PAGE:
Problem Detection During Tripping Operations in Horizontal and Directional Wells
- J. Venancio Cordoso Jr. (Petrobras) | Eric E. Maidla (State U. of Campinas) | L.S. Idagawa (State U. of Campinas)
- Document ID
- Society of Petroleum Engineers
- SPE Drilling & Completion
- Publication Date
- June 1995
- Document Type
- Journal Paper
- 77 - 83
- 1995. Society of Petroleum Engineers
- 1.12.3 Mud logging / Surface Measurements, 1.1.3 Trajectory design, 1.10.1 Drill string components and drilling tools (tubulars, jars, subs, stabilisers, reamers, etc), 1.6.1 Drilling Operation Management, 1.6 Drilling Operations, 1.12.1 Measurement While Drilling, 1.14.1 Casing Design, 4.3.4 Scale, 1.11 Drilling Fluids and Materials, 1.10 Drilling Equipment, 7.6.6 Artificial Intelligence
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Most directional well drilling problems detected in Brazil, and also verbally reported by service companies abroad, occur during tripping operations. A comprehensive research program was undertaken to study this problem. The work is summarized in this paper, and shows the development of a field analysis procedure that proved to be reliable and thus translates into significant cost savings.
The field data was obtained using an in-house mud logging offshore unit and service companies' drilling sensors. The analysis was performed using the new developed method - Two Stage Type Curve Matching: an alert hoook load expert system, followed by a pseudo friction factor "signature" analysis.
Field results showed this to be useful for early borehole detection.
The first concept to be discussed is the "pseudo" mechanical borehole friction factor, represented by the symbol fbp. The traditional concept of mechanical friction factor is related to the physical interaction between two surfaces subjected to a normal force. The word pseudo is used to indicate that the values calculated in the field, are a function of the measured hook load, which in turn is a function of many parameters that include but are not limited to:
Cuttings bed, ledges, partially close boreholes, bridges, hook load sensor error, measured depth sensor error, operational procedures during tripping, pulley friction (within the traveling and crown block), partially stuck pipe due to any other problem not mentioned, drilling fluid properties and effects (e.g.: hydrodynamic friction, buoyancy - considered as a pressure×area effect, etc.), irregular geometry (e.g., washouts), etc. Note: differential sticking is not listed here as it is a static phenomena (addressed in detail, later).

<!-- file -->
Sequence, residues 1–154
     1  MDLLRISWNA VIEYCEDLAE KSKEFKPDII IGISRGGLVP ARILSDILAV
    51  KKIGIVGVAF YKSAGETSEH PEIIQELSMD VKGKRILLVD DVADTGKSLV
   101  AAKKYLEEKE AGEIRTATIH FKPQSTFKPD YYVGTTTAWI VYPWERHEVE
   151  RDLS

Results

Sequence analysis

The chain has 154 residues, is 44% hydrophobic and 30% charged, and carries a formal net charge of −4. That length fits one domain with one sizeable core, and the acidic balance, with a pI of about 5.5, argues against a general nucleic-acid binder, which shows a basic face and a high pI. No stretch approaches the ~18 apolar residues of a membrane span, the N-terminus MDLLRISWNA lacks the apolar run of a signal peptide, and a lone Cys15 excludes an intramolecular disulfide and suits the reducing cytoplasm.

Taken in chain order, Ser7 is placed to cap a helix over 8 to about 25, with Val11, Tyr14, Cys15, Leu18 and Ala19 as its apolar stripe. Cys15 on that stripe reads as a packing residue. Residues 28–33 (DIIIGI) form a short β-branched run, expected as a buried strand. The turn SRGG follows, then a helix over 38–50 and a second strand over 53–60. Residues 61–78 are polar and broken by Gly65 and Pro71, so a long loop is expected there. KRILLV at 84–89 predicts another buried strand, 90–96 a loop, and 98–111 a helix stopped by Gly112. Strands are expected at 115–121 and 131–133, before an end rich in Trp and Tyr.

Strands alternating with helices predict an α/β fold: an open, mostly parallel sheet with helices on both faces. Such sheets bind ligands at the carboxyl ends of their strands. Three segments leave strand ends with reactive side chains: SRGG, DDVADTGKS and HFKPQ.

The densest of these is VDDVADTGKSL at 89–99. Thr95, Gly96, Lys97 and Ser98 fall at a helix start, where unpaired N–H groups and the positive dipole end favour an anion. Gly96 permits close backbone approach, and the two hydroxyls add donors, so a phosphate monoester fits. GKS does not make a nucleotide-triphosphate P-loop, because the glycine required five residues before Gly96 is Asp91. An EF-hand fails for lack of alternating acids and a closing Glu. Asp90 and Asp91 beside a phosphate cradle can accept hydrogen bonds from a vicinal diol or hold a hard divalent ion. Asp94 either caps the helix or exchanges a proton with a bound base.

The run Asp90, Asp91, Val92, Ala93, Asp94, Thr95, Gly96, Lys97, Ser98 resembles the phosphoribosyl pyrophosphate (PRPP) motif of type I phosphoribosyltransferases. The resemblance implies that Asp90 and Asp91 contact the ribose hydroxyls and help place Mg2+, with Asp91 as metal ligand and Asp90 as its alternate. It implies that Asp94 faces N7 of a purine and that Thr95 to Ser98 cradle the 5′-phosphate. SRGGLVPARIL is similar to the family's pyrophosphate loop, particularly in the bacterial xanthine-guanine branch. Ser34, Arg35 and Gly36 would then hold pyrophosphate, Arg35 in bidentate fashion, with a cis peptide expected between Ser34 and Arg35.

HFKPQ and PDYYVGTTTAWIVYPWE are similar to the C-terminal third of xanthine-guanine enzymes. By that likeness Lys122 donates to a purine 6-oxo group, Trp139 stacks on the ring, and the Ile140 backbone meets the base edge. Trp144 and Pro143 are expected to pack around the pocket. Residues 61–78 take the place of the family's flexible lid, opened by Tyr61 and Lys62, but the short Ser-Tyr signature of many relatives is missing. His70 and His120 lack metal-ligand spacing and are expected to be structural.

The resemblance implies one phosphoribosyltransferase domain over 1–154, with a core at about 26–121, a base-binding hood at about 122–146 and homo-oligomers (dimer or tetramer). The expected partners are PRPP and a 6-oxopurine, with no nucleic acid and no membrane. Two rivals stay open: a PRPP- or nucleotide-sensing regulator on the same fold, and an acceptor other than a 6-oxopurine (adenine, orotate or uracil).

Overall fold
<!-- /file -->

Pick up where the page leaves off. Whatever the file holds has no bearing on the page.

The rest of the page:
The borehole friction factor has been studied by many researchers,1-6 and used for several applications in directional and horizontal wells. This includes drag and torque predictions and analysis, casing design, trajectory design, and borehole diagnosis. The last - "Borehole Diagnosis" is seen here as a method by which certain drilling problems can be detected at an early stage before they become critical to the operation or well itself.
Single values of the borehole friction factor have been reported and published. The trend analysis, combined with the type curves has so far been limited to our research.
Previous papers have investigated the borehole friction factor by calculating one constant average value. Further investigations by Maidla 7 described the behavior of the friction factor through the use of a medium scale laboratory equipment. This work combines both ideas and goes further to diagnose directional well problems during tripping operations.
The diagnostic procedure is carried out in two stages. First tripping data is collected at a sampling frequence of 3 to 4 Hz (hook load, depth and time). The hook load data is analyzed, on line, and is used to screen out useful data to be used (later defined in the paper), thus eliminating recording too much useless information. Simultaneously to this filtering process, a first check is made against type curves to try and identify some problems: poor borehole cleaning; sections of borehole closure (e.g., Salt Drilling); ledges; key seats; differential sticking; bridges.
The second stage uses the screened data and normalizes it by producing a pseudo friction factor log - the absolute value of fbp is necessary but does not provide any information regarding the type of problem, and most of the times, this value alone is unable to assure problem existence. The total apparent borehole friction factor "signature" is analyzed through another set of different type curves, and tries to identify some of the problems mentioned above.
The objective of this work is to provide a field diagnosis method (supported by fundamental research and appropriate mathematical modeling), that allows the early detection of some problems, known to the drilling industry, while drilling directional and horizontal wells (parts of the analysis is applicable for vertical wells too).
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